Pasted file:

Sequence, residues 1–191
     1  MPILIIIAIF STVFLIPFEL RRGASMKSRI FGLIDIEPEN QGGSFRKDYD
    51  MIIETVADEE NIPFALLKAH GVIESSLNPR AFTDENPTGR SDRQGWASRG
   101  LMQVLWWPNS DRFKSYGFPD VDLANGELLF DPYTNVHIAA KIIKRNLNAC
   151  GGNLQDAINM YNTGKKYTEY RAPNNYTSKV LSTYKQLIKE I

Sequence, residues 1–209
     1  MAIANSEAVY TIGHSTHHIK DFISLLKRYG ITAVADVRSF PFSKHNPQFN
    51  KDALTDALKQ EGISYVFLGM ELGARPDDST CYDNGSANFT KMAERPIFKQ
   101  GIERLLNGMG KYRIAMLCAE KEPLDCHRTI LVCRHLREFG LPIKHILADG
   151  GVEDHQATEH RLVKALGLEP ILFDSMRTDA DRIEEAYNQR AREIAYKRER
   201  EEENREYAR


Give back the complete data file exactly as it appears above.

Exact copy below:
Sequence, residues 1–191
     1  MPILIIIAIF STVFLIPFEL RRGASMKSRI FGLIDIEPEN QGGSFRKDYD
    51  MIIETVADEE NIPFALLKAH GVIESSLNPR AFTDENPTGR SDRQGWASRG
   101  LMQVLWWPNS DRFKSYGFPD VDLANGELLF DPYTNVHIAA KIIKRNLNAC
   151  GGNLQDAINM YNTGKKYTEY RAPNNYTSKV LSTYKQLIKE I

Sequence, residues 1–209
     1  MAIANSEAVY TIGHSTHHIK DFISLLKRYG ITAVADVRSF PFSKHNPQFN
    51  KDALTDALKQ EGISYVFLGM ELGARPDDST CYDNGSANFT KMAERPIFKQ
   101  GIERLLNGMG KYRIAMLCAE KEPLDCHRTI LVCRHLREFG LPIKHILADG
   151  GVEDHQATEH RLVKALGLEP ILFDSMRTDA DRIEEAYNQR AREIAYKRER
   201  EEENREYAR